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I have already created a simple source code analyses tool for C/C++, but I wanted it to be an extension or tool for Visual Studio 2010 and 2012 editions. It is written completely in C++. For this reason I created it using "Create an Add-in using Visual C++/ATL" option. And then under "Choose Add-in Options", I have some problems. I don't know which one or ones to select. I want it to have a name and icon under Tools section, but on the other hand, my code analyzer can be used from command line too. If someone can advice me which option(s) to select there I would be glad.

My second question is this, when I have opened a source file in Visual Studio, and if I go to Tools -> MyAddin, and press it, I want it to do its job and analyze the code, and show the results in the output section below.

And my last question is that, if I have a C/C++ project with few files let's say, and if I right-click one of the files, I want to see my add-in and be able to execute the add-in from there, not to go always to Tools -> MyAddin. And also the same thing to work if I right-click the project, then it should analyze the all files and show the problems in the output section.

Please note that I have already created the source code analyzer tool in C++, and I have it as a DLL. I can also use it in Linux from terminal, and if I want I can also create a GUI for it, which I plan to do later. But I'm not that much experienced with Visual Studio, especially about add-ins, that's why I need your help. As you can see my first question is a kind of advice, but I think my second and third questions require some source code. I know that it is very hard for you to give me some help without seeing my code, but if you would help me somehow I would be glad.

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2 Answers 2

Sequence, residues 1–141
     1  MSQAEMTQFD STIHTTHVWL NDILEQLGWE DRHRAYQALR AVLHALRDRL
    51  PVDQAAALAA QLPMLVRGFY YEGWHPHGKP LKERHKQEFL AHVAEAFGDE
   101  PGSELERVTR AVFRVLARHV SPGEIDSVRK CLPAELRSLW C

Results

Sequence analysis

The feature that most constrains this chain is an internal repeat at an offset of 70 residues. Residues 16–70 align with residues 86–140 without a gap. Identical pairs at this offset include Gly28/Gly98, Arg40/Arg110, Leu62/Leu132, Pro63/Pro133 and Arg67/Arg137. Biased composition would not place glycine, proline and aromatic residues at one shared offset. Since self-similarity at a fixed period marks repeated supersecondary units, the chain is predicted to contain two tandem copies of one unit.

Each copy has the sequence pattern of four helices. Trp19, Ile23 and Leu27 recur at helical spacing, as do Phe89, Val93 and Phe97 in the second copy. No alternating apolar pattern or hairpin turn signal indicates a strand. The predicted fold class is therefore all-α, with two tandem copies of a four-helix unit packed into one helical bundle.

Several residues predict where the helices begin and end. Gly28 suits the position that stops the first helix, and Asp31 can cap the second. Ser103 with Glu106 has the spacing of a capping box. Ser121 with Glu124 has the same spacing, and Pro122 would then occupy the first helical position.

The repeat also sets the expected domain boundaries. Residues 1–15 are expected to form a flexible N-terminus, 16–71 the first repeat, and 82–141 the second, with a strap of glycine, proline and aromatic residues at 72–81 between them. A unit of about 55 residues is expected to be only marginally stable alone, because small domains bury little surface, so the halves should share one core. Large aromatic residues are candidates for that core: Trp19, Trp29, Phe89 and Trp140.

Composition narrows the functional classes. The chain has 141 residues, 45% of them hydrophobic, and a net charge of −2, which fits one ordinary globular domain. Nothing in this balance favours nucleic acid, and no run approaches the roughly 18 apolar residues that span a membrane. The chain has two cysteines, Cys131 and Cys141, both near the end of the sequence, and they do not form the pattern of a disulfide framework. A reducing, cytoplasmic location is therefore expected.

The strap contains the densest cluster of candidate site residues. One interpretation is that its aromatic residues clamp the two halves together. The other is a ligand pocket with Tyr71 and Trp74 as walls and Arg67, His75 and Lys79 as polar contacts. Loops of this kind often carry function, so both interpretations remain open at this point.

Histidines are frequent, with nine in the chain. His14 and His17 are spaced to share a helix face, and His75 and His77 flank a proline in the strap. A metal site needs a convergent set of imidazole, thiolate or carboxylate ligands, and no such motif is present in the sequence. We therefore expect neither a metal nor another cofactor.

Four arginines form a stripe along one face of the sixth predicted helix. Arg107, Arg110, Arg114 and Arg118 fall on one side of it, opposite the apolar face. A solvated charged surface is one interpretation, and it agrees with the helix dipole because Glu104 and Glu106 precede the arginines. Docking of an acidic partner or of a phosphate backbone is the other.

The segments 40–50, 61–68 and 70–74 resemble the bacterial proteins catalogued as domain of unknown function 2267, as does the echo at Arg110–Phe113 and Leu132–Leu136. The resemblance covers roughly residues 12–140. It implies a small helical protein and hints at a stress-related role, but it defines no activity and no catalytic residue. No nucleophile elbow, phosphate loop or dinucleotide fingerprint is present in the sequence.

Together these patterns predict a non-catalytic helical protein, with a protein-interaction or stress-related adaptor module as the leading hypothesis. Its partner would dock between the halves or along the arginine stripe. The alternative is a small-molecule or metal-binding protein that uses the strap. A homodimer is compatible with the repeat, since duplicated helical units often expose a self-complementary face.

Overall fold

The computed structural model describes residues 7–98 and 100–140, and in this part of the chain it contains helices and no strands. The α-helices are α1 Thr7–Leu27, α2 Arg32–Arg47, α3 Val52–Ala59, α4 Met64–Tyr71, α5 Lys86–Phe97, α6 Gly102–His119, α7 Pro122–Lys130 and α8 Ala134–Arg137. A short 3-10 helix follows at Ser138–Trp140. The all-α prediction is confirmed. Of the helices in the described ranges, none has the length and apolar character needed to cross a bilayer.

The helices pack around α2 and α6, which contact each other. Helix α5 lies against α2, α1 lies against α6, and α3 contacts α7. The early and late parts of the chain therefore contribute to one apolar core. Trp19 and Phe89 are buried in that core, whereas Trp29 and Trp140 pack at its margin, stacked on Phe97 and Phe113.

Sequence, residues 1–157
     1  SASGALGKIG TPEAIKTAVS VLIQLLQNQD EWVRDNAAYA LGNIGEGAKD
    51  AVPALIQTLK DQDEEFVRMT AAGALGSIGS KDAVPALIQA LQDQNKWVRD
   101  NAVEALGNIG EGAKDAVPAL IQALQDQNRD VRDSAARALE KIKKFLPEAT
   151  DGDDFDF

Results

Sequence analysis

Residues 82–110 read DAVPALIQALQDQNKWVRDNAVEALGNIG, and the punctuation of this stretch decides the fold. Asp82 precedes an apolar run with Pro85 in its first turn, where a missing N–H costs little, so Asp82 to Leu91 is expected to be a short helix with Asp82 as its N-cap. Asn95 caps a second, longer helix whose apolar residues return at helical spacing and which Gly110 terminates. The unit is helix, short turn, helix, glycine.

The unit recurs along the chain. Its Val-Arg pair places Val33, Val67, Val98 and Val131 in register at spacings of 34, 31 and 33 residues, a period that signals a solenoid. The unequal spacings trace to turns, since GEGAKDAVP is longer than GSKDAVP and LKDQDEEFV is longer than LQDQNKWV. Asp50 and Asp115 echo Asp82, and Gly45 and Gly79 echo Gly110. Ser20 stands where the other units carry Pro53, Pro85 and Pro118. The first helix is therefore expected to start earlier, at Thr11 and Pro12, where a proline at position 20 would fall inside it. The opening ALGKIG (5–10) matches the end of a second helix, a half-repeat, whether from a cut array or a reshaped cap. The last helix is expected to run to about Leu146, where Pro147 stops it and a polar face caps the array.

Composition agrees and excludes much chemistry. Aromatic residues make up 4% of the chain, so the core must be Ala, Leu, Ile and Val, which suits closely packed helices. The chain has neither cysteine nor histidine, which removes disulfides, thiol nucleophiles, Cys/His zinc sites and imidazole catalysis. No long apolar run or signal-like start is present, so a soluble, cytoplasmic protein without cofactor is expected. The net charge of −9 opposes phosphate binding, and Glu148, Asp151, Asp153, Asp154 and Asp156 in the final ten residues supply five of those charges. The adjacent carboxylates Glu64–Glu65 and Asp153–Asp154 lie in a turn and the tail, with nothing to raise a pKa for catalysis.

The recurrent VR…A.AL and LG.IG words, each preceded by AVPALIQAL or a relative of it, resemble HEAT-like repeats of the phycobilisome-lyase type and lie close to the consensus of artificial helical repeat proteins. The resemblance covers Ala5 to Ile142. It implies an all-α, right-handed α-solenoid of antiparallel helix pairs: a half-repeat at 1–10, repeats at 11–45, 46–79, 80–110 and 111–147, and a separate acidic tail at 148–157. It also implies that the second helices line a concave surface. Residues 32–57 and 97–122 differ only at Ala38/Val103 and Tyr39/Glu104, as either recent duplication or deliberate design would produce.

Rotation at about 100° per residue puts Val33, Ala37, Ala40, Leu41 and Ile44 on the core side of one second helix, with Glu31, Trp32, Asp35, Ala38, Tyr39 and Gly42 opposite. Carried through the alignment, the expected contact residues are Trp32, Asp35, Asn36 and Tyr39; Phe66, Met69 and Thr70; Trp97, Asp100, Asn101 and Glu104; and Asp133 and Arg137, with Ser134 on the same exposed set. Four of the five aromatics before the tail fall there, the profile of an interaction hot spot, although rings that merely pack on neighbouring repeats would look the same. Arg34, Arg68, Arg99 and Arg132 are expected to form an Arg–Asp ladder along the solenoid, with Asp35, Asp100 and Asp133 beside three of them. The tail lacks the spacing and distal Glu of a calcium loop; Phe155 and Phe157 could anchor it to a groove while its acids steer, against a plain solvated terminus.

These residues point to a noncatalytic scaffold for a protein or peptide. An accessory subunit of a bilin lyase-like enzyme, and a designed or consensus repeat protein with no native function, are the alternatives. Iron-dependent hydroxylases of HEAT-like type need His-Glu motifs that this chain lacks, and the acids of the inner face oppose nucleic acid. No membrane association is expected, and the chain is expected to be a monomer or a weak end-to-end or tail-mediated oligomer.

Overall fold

up vote 1 down vote accepted

For Visual Studio 2010 and 2012 you should consider using Extensions, not Add-Ins. It is a new technology introduced in Visual Studio 2010. Extensions come in form of a VSIX packages and are automatically installed in all applicable versions of Visual Studio. If you are not targeting Visual Studio version prior to 2010, I strongly recommend using extensions.

From this point of view, I will not answer any of your technical questions about Add-Ins. Here are a couple of links to start using extensions instead:

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I have heard about VSIX. I also planed to create it. But I thought that first of all I need to have an add-in project, which will create a .dll file for the add-in and then use that file to create the .vsix file. Isn't it like that? Or I can directly use my .dll file of my source code analyzer to create the .vsix file? –  user1726549 Dec 22 '12 at 14:06
Yes, forget about add-in. You can include any custom files in the VSIX - it's actually just a zipped archive with a manifest and arbitrary contents. There are plenty of features to integrate what you need into VS environment. –  Mikhail Dec 22 '12 at 17:01

I think you will find valuable information on this topic here: Developing extension packages for Visual Studio 2005/2008/2010/2012 using C# with real-life samples

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